The opossum and the entire marsupial order are not only an interesting case study in biogeography. They are also uniquely differentiated from other mammals in their method of raising young.12 Marsupial mothers give birth when the babies are still in early stages of development. The young then crawl into the mother’s pouch, where they continue to develop until they are able to cope in the outside world.

This unique form of birth and nurture was what captured the attention of the Spanish monarchs when they first examined the opossum. This was also noted in one of the earliest descriptions of the opossum, written in 1612 by Captain John Smith of the Virginia Colony: “An Opassom hath a head like a Swine, & a taile like a Rat, and is of the Bignes of a Cat. Under her belly shee hath a bagge, wherein shee lodgeth, carrieth, and sucketh her young”.13

Smith was talking about the North American “Virginia opossum”, the most familiar one to Americans, and one of the most widely dispersed, of all opossums. Upon close inspection, some remarkable design features are revealed in the child-raising process, as well as some reminders of the decay effects of the Fall of the natural order that followed mankind’s rebellion against God.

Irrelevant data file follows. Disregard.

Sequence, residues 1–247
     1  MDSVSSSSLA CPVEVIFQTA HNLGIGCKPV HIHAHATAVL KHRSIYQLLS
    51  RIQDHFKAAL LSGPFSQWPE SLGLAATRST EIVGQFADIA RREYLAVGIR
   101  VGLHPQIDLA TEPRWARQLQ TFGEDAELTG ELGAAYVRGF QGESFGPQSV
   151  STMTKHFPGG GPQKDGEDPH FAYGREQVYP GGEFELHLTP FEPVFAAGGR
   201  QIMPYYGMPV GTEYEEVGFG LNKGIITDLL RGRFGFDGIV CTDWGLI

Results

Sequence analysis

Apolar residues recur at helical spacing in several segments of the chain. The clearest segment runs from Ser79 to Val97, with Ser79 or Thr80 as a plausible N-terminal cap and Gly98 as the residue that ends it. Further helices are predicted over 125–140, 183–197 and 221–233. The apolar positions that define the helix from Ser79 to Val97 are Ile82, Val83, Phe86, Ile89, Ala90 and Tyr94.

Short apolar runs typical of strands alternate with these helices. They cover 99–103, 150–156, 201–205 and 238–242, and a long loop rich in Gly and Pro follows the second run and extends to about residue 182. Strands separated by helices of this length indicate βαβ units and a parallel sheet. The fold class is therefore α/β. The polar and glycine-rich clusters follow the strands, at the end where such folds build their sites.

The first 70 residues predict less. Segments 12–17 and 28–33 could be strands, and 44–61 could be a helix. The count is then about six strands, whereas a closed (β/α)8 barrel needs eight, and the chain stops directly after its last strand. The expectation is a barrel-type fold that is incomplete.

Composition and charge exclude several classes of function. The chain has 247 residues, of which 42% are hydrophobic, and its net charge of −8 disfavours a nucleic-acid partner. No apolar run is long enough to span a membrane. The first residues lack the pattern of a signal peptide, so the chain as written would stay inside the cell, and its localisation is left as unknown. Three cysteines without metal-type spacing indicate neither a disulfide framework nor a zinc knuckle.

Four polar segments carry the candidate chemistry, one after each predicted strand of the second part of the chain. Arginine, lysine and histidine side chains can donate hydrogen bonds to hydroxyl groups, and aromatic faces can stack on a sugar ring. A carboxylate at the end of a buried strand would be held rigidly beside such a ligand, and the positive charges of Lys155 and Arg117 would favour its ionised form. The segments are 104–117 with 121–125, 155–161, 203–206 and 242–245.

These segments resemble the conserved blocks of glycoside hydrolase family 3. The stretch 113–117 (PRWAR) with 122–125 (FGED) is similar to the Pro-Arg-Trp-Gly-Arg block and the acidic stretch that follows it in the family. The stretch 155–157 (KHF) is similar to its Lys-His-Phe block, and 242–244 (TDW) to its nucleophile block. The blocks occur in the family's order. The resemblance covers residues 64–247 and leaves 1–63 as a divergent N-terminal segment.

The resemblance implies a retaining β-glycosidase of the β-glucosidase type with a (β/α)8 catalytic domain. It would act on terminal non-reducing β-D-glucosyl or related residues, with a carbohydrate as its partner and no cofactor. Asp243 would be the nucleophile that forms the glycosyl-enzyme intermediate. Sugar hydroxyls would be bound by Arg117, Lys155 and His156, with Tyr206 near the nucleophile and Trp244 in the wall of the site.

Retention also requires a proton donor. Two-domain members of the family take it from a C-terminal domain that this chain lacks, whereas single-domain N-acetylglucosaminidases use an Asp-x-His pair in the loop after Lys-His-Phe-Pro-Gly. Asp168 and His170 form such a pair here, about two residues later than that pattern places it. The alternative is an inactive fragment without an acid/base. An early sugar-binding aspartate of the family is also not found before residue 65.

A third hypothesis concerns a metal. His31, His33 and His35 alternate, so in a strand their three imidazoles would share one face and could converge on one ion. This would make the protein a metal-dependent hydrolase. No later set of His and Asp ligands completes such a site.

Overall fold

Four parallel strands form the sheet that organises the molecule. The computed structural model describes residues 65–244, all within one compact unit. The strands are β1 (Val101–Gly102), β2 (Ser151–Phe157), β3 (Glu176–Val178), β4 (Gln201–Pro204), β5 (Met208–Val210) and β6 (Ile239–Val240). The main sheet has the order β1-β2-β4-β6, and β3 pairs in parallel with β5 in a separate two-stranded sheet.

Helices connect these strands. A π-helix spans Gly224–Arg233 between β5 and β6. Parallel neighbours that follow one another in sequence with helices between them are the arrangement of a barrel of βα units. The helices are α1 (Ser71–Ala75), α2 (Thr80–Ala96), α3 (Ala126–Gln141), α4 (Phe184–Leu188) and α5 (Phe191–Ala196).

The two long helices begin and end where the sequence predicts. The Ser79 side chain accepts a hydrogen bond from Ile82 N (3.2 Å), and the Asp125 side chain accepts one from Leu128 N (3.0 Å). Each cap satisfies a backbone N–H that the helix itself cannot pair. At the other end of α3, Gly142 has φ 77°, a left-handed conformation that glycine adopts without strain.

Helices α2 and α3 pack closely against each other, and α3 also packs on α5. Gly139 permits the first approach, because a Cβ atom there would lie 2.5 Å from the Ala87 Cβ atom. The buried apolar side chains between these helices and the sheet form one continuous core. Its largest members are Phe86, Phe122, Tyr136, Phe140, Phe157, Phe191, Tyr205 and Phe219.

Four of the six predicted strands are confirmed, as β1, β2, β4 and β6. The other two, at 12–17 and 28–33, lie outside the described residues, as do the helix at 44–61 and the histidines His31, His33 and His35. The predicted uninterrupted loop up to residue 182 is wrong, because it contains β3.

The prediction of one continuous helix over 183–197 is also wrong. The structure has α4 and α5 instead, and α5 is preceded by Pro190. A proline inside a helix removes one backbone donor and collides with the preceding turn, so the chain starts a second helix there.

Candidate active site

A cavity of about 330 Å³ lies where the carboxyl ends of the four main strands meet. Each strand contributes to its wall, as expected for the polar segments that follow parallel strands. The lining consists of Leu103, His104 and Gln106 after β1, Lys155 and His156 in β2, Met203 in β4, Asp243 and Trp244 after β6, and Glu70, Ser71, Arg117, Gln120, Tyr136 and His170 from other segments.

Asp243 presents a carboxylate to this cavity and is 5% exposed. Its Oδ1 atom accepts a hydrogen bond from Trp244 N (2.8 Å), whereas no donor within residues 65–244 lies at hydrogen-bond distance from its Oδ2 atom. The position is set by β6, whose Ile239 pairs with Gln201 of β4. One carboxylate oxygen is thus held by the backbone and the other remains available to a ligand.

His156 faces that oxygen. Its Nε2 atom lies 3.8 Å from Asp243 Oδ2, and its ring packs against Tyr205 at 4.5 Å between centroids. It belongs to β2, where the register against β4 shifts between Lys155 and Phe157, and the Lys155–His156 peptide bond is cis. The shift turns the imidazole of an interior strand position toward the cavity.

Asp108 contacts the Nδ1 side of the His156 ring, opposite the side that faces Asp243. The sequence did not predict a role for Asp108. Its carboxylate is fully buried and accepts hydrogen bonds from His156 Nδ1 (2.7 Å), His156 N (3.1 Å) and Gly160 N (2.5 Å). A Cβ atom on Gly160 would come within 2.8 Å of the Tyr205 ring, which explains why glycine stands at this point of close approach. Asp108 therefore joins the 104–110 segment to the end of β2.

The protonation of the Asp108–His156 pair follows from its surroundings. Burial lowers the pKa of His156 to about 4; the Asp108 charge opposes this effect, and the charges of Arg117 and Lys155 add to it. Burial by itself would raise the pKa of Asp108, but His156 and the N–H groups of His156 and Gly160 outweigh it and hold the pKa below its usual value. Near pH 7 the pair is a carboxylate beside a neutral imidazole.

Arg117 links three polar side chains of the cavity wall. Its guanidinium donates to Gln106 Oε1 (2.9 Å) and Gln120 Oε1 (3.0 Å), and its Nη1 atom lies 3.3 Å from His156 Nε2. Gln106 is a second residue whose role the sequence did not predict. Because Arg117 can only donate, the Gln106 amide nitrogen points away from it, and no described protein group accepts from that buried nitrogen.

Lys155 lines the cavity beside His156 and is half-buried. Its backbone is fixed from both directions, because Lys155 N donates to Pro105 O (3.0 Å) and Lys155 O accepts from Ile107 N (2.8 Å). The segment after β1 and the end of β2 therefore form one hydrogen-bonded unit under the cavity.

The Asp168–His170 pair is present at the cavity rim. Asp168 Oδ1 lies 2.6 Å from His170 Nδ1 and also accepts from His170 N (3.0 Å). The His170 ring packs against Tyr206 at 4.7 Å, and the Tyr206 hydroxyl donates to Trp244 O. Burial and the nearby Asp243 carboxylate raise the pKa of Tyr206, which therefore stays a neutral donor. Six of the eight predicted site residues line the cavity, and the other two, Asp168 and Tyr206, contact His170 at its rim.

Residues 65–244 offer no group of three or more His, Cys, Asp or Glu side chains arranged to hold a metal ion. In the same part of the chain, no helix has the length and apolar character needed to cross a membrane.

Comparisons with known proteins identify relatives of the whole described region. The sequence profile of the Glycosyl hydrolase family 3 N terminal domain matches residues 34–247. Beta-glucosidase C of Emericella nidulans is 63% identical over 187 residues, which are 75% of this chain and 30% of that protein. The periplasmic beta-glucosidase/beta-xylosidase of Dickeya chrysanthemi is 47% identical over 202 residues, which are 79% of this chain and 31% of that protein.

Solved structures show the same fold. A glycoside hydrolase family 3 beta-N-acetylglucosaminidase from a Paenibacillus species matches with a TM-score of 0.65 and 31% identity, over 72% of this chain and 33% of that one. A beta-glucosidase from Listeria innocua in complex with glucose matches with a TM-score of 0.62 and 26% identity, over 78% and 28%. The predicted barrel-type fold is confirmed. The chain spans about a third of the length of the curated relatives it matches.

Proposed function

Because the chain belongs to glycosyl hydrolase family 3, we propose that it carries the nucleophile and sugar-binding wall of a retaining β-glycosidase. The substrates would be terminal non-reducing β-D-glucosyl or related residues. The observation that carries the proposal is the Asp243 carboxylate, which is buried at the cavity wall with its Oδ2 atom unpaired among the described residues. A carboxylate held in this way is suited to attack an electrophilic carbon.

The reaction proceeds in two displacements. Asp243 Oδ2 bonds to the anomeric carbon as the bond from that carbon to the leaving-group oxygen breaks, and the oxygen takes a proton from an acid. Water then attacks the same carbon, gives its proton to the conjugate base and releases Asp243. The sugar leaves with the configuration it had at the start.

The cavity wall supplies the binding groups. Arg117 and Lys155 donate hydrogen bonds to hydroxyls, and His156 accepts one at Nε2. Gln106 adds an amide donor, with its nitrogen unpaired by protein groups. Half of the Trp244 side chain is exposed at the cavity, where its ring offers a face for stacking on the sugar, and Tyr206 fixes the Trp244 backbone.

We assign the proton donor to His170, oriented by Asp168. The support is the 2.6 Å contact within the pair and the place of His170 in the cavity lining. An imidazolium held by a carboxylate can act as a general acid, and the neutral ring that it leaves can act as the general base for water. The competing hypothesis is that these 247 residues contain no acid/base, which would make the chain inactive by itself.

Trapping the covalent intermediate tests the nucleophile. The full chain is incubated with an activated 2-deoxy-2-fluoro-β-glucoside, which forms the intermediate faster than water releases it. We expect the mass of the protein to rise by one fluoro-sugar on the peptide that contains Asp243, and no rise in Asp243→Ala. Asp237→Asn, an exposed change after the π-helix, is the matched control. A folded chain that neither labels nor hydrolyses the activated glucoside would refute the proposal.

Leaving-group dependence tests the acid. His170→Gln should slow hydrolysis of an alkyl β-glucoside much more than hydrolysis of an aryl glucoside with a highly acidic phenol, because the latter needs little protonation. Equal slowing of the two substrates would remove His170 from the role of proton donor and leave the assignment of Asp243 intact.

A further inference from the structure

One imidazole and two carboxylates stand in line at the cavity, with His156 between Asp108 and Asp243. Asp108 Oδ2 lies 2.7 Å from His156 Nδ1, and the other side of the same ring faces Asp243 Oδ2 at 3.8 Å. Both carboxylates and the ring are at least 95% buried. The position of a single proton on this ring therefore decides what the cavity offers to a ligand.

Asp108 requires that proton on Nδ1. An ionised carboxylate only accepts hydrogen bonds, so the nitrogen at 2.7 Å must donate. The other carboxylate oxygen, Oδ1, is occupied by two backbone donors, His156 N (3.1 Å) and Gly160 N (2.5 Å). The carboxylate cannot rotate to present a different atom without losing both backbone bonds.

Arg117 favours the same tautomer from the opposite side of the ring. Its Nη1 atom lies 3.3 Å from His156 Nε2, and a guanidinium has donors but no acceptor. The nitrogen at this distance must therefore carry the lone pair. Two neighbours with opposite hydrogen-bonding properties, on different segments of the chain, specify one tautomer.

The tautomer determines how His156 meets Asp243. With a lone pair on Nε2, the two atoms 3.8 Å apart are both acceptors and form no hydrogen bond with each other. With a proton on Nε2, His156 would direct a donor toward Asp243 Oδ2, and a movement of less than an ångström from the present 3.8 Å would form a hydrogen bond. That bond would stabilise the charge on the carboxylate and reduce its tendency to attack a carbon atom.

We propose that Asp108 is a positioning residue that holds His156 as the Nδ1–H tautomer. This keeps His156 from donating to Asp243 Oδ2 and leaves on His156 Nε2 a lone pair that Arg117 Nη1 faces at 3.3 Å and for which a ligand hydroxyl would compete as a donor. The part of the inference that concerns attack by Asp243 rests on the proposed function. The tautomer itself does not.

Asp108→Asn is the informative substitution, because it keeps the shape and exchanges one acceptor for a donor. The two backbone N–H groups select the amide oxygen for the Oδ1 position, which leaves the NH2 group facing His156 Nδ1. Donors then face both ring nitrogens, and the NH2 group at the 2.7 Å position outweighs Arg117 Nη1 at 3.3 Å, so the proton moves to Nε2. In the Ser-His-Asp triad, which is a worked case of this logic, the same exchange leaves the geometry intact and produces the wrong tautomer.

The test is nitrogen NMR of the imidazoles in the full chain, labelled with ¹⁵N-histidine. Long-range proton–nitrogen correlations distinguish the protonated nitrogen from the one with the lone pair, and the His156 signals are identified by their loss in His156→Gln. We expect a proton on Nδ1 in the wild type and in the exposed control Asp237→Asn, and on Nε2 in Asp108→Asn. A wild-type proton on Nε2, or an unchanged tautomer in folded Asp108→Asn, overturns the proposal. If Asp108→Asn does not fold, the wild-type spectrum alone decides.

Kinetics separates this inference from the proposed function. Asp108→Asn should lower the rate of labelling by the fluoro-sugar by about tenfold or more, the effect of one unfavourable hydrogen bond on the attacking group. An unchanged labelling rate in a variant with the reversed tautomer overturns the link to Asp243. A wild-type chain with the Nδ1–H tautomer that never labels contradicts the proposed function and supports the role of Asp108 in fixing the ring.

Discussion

A Virginia opossum has the remarkably short gestation period of about 13 days

A Virginia opossum has the remarkably short gestation period of about 13 days, after which she gives birth to litters of from 16 to as many as 54 tiny, naked, blind babies. These grub-like little creatures then make the trip to the marsupium, the pouch, 8 cm (3 inches) away. There are tiny claws on the newborn’s forefeet (the hind feet are not yet developed) that enable it to drag itself forward into the pouch. Then, after arriving in the pouch, the claws soon fall off, reducing the risk of injuring fellow occupants of the pouch.14 Once inside, they attach themselves to a teat and grow and develop for about 75 days before they are weaned and venture out of the pouch.

Yet, along with this uniquely designed arrangement there is a reminder of death and suffering in this fallen world. Most opossums give birth to more young than there are teats to feed them—meaning that all those who don’t latch on die off. This phenomenon, “superfetation” or the overabundant production of young,15 is a reminder that genetic and biological processes—including birth—have mutated and degenerated since the original “very good” creation. This reminds us that the Creation groans, waiting for its restoration.16